Monday, June 25, 2012

Battle report: Avanti! Mussolinis offensive in North Africa

Hello there,

hopefully you saw the buildings I made for the North African theatre. Two weeks ago Björn and I made a small game, to begin our campaign. The war in North Africa started with an Italian offensive against the British - a foolish step Mussolini made, because his troops lost the iniative after some minor victories and were thrown back, so they were nearly wiped out. It was so bad, that Hitler decided to help his ally - the birth of the Afrika Korps.

The initial operations - the Italian offensive (red) and the British response (blue)

We began historically with a desperate Italian offensive against a British held village, somewhere between Badia and Sidi Barrani in mid September 1940. Björn took his British forces, I commanded the Italian attackers.

The British troops hiding in the village and the surrounding compounds.
The brave British only had infantry at their disposal, even missing an anti tank gun. So, they had to rely on close combat against enemy vehicles.

The village was fortified by czech hedgehogs. On the building in the middle is a Vickers machine gun. The rest are also manned by infantry, hiding in the cover of the clay huts.
The advanced defence positons at the crossroads - the gate to the village and therefore an important target.

The Italians began to launch a heavy frontal aussault on the British at the crossroads. Supported by two M13/40 tanks and an Autoblinda AB41, the Italian Infantry threw themselves into cover. The tanks tried to spot the British behind the lower wall, which took much time.

Unfortunately, the Italians had a British unit in their flank, but the Italian commander decided that the outpost at the crossroads had top priority. This led to heavy casualties under his men.

Ignored by the Italians, the unit had a good firing position directly in the flank of the enemy.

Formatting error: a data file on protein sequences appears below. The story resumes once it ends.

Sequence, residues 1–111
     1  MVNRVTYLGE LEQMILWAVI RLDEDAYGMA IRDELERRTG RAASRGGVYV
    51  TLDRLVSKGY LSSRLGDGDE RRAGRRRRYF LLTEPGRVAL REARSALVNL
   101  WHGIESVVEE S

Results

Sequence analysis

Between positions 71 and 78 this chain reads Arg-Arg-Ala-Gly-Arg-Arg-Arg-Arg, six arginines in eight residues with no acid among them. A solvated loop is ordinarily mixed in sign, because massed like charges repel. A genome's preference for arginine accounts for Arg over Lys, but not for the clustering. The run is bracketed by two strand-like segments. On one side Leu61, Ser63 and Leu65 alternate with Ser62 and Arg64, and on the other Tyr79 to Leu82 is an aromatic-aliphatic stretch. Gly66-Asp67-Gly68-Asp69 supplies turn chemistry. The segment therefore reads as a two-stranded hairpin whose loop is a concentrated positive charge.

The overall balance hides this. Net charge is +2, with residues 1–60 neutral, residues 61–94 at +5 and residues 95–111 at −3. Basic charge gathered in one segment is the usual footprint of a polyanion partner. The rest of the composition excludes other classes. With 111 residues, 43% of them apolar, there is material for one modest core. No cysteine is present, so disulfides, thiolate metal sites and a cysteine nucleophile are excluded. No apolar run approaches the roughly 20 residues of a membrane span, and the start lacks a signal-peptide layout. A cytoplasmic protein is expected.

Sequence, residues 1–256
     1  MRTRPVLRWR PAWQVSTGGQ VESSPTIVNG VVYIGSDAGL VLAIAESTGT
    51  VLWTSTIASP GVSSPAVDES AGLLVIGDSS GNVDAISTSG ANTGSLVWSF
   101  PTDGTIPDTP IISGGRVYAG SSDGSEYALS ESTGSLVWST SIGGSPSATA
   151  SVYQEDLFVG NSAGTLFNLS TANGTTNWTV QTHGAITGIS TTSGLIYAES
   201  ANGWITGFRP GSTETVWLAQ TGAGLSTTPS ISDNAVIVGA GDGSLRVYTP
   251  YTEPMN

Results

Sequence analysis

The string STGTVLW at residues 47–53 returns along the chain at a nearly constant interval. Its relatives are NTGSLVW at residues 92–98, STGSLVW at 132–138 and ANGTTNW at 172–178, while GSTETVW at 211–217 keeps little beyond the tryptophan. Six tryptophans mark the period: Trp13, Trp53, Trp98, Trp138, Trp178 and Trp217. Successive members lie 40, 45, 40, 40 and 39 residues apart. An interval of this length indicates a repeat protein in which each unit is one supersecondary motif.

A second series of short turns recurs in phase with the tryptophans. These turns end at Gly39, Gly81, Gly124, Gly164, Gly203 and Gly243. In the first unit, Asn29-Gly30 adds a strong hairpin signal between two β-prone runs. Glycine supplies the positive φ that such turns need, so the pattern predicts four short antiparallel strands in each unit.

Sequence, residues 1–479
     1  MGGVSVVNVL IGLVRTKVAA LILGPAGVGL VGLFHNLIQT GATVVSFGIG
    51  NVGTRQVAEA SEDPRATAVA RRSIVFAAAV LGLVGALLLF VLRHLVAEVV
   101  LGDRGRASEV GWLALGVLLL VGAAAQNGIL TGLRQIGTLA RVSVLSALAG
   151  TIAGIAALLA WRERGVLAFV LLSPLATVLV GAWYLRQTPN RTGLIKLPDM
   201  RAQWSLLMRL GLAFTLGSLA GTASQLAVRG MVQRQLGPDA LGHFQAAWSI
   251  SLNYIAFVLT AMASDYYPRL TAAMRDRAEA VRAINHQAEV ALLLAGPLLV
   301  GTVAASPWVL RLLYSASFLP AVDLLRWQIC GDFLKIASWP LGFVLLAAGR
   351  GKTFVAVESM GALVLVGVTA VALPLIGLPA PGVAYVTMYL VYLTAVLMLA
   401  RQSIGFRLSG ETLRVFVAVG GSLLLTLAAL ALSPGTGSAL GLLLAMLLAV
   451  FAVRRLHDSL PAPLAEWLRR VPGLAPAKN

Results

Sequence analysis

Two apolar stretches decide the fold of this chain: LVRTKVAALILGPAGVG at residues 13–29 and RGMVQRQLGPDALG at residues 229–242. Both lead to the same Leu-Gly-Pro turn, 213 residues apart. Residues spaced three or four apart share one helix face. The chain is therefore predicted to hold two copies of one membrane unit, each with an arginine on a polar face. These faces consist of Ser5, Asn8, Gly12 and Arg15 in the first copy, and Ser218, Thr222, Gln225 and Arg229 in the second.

At the same time, the Italians also came from the right flank and took positions in the dry river. After heavy fire support from the tank, a squad attacked the small wall frontally. The British defendes decided to flee instead of dieing in close combat. 

Italian advance from the right flank.
The wall is taken, but the house itself remaines to be a nest of resistance.
The M13/40 fails to spot the well hidden British infantrymen in the building.

The building at the crossroads was still able to hinder the assault on the village, but the tanks were unable to spot the enemy inside. So everything had again to be done by the hard pressed infantry. There was only one chance to take the house - by attacking in close combat!

Just before bloody fighting begins: the Italians threw grenades to prepare the following melee.

It was a mercyless hand-to-hand fight, with neither side gaining the upper hand. In the end, only one man on each side remained. With a lucky hit Björn's British soldier knocked out the last Italian attacker and the house was saved. Recognizing that victory became impossible, I ordered my troops to retreat. Even though all my vehicle were intact, the infantry casualties were to high, with half of my company wiped out.

Last man standing. After fierce fighting he held his position, which was later named "Bloody Corner".

If you want to read another AAR, I recommend this one. We played the beginning of Operation Barbarossa.